Help to look good after treatment

2015-10-27 06:00
Helen Ohlhoff, a regional coordinator of Look Good Feel Better, organises workshops at hospitals and clinics for breast cancer patients to show them how to take care of their skin after treatment.

Helen Ohlhoff, a regional coordinator of Look Good Feel Better, organises workshops at hospitals and clinics for breast cancer patients to show them how to take care of their skin after treatment.

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When someone is diagnosed with breast cancer a lot changes for her.

The treatment for breast cancer is often life-saving. Less well-known is that this treatment takes the patient on a traumatic journey that can scar her appearance and, as a result, it often scars self-image.

A turning point can be a Look Good Feel Better (LGFB) workshop, like the one recently held at Groote Schuur Hospital.

LGFB is a non-profit organisation that holds workshops for cancer patients around the country to show them how to address the appearance-related side effects of treatment in a positive and practical way.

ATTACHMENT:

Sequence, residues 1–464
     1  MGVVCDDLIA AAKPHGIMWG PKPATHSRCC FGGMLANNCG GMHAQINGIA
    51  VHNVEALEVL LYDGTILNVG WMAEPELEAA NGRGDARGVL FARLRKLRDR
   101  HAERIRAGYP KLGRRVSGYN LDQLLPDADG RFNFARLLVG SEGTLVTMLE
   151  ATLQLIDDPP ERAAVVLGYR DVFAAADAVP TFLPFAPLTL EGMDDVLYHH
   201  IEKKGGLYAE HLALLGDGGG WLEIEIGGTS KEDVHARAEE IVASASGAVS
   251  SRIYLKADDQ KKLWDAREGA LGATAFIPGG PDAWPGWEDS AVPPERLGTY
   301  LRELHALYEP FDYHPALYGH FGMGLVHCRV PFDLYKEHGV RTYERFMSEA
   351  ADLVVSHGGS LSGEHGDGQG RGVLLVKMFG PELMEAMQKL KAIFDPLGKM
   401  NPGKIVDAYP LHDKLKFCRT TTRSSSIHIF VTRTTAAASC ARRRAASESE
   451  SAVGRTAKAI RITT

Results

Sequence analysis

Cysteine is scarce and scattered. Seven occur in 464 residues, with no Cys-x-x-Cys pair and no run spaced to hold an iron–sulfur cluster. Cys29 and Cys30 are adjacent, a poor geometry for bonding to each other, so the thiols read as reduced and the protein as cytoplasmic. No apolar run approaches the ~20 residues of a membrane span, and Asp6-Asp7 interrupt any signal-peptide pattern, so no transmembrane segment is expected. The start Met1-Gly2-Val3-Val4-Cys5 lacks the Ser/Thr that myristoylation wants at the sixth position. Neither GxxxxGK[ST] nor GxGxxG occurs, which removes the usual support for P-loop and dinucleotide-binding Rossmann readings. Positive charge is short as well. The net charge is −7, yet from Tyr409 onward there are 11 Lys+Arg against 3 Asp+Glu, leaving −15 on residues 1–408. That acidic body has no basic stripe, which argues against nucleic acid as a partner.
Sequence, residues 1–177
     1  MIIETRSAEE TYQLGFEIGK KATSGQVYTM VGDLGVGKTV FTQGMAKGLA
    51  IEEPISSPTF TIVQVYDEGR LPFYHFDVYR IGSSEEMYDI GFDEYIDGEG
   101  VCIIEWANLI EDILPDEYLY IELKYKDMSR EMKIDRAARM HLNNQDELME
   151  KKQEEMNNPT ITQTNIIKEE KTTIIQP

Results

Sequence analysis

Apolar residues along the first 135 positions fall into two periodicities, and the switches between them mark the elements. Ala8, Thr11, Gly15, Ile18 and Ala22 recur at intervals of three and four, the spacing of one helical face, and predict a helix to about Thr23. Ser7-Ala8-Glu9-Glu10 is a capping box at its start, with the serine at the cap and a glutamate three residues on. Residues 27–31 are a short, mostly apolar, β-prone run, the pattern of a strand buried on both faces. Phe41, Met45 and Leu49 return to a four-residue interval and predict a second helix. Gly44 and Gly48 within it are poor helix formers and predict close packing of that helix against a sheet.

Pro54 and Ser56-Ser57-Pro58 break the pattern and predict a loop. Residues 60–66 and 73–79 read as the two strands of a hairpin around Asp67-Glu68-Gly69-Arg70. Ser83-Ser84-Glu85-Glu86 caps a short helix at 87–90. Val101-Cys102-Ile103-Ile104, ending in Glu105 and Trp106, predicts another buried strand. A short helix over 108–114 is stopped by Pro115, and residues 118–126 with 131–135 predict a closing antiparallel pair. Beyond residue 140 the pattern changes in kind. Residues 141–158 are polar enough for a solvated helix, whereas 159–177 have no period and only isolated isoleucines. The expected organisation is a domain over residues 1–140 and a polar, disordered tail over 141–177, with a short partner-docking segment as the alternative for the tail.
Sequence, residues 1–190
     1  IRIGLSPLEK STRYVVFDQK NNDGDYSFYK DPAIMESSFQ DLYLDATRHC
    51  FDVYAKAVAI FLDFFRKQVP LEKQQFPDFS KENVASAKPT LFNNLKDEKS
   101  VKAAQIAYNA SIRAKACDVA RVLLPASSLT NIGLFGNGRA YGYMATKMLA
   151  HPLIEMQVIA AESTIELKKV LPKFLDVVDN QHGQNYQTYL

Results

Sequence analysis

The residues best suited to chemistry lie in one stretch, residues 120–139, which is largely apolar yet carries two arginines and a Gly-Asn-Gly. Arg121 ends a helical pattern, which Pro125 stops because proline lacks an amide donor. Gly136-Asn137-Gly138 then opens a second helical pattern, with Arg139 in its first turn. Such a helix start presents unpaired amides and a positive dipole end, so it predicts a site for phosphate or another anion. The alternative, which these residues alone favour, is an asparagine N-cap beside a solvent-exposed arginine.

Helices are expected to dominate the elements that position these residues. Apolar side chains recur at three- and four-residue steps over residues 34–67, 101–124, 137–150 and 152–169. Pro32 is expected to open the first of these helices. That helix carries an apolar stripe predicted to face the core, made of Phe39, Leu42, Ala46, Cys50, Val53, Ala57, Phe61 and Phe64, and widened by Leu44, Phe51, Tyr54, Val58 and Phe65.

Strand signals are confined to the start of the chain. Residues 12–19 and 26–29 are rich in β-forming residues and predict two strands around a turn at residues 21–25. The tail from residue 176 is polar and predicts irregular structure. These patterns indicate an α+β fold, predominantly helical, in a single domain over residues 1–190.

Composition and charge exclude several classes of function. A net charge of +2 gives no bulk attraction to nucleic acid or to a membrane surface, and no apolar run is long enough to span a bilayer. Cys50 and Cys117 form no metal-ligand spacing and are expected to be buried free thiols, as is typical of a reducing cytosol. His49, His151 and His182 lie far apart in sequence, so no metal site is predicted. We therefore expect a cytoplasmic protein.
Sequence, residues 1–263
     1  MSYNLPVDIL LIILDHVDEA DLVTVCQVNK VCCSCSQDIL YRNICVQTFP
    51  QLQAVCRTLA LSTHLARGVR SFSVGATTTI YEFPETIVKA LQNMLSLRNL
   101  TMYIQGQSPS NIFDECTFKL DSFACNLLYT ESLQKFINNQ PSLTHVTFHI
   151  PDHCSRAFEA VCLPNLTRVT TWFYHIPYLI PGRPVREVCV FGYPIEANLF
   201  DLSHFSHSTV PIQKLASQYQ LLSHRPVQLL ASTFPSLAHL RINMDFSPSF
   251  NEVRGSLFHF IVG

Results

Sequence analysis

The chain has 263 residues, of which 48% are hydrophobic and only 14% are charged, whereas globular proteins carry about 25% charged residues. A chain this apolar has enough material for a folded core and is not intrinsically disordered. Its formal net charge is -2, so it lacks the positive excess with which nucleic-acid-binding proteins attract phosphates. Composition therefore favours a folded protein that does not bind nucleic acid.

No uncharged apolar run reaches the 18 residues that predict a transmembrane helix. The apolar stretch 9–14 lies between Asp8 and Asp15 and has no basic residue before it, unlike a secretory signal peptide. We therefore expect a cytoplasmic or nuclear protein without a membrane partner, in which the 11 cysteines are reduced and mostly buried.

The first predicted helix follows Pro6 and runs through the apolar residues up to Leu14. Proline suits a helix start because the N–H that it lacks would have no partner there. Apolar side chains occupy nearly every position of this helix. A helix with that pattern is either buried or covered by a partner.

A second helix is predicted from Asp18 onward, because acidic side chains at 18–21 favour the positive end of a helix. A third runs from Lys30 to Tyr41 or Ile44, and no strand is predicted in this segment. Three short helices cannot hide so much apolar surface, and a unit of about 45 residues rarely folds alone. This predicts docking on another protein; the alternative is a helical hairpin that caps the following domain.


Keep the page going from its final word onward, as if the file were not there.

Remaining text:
Throughout Breast Cancer Awareness Month LGFB volunteers are speaking about how their work helps cancer patients to care for their skin.

Ten workshops are being held at hospitals and clinics across Cape Town this month and another 10 will be held in November – at Groote Schuur, Tygerberg, N1 City, the Constantiaberg Haematology unit, Mediclinic Panorama, Rondebosch medical centre, Vergelegen and Vincent Pallotti clinics and Cape Gate medical centre.

Helen Ohlhoff, a regional coordinator of LGFB, says workshop participants are taught about caring for the skin and how to apply skincare products. “Participants learn about make-up to make themselves look good and feel confident – which doctors say contributes enormously to the healing process. Participants are given a range of products to soothe and heal their skin and advised on how to use them,” she says.

The workshops also provide an opportunity to connect with other women undergoing the same treatments.

Dr Liana Roodt, who specialises in cancer surgery, says surgery is generally the first line of treatment for breast cancer, followed by radiation or chemotherapy.

“The surgery scar becomes a physical reminder of the cancer journey. For some people it becomes a mark of honour, but for many it unlocks much emotion and serves as a reminder of what they have been through. The side effects of chemotherapy and radiation include extremely dehydrated, dry and itchy skin, which can also become red or pigmented, brittle, darkened nails and the loss of hair, even of eyebrows and eyelashes,” she says.

 

For more information visit www.lgfb.co.za or contact LGFB programme director Margaret Hewson on 011 795 3927 or margaret@lgfb.co.za.

When someone is diagnosed with breast cancer a lot changes for her.

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